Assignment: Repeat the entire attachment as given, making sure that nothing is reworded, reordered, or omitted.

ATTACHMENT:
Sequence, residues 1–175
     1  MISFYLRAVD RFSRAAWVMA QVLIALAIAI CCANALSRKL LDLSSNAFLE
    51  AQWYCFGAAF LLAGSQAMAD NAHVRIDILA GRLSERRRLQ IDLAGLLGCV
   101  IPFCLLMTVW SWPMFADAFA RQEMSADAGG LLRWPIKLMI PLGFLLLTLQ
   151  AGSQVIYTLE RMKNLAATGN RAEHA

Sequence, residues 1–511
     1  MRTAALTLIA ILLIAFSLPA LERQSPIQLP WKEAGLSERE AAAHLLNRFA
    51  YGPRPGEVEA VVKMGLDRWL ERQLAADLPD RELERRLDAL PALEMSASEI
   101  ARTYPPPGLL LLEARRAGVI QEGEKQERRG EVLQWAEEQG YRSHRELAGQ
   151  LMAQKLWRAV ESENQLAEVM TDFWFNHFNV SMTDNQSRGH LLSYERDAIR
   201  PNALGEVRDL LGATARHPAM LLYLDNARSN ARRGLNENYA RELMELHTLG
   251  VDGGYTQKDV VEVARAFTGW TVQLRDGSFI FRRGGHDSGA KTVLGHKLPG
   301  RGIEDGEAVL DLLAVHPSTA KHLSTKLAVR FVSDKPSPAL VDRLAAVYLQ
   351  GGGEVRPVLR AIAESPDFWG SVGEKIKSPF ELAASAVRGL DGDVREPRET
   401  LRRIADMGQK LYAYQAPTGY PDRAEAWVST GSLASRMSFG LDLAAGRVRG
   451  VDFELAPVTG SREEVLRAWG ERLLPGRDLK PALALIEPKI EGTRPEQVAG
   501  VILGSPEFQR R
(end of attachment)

Sequence, residues 1–175
     1  MISFYLRAVD RFSRAAWVMA QVLIALAIAI CCANALSRKL LDLSSNAFLE
    51  AQWYCFGAAF LLAGSQAMAD NAHVRIDILA GRLSERRRLQ IDLAGLLGCV
   101  IPFCLLMTVW SWPMFADAFA RQEMSADAGG LLRWPIKLMI PLGFLLLTLQ
   151  AGSQVIYTLE RMKNLAATGN RAEHA

Sequence, residues 1–511
     1  MRTAALTLIA ILLIAFSLPA LERQSPIQLP WKEAGLSERE AAAHLLNRFA
    51  YGPRPGEVEA VVKMGLDRWL ERQLAADLPD RELERRLDAL PALEMSASEI
   101  ARTYPPPGLL LLEARRAGVI QEGEKQERRG EVLQWAEEQG YRSHRELAGQ
   151  LMAQKLWRAV ESENQLAEVM TDFWFNHFNV SMTDNQSRGH LLSYERDAIR
   201  PNALGEVRDL LGATARHPAM LLYLDNARSN ARRGLNENYA RELMELHTLG
   251  VDGGYTQKDV VEVARAFTGW TVQLRDGSFI FRRGGHDSGA KTVLGHKLPG
   301  RGIEDGEAVL DLLAVHPSTA KHLSTKLAVR FVSDKPSPAL VDRLAAVYLQ
   351  GGGEVRPVLR AIAESPDFWG SVGEKIKSPF ELAASAVRGL DGDVREPRET
   401  LRRIADMGQK LYAYQAPTGY PDRAEAWVST GSLASRMSFG LDLAAGRVRG
   451  VDFELAPVTG SREEVLRAWG ERLLPGRDLK PALALIEPKI EGTRPEQVAG
   501  VILGSPEFQR R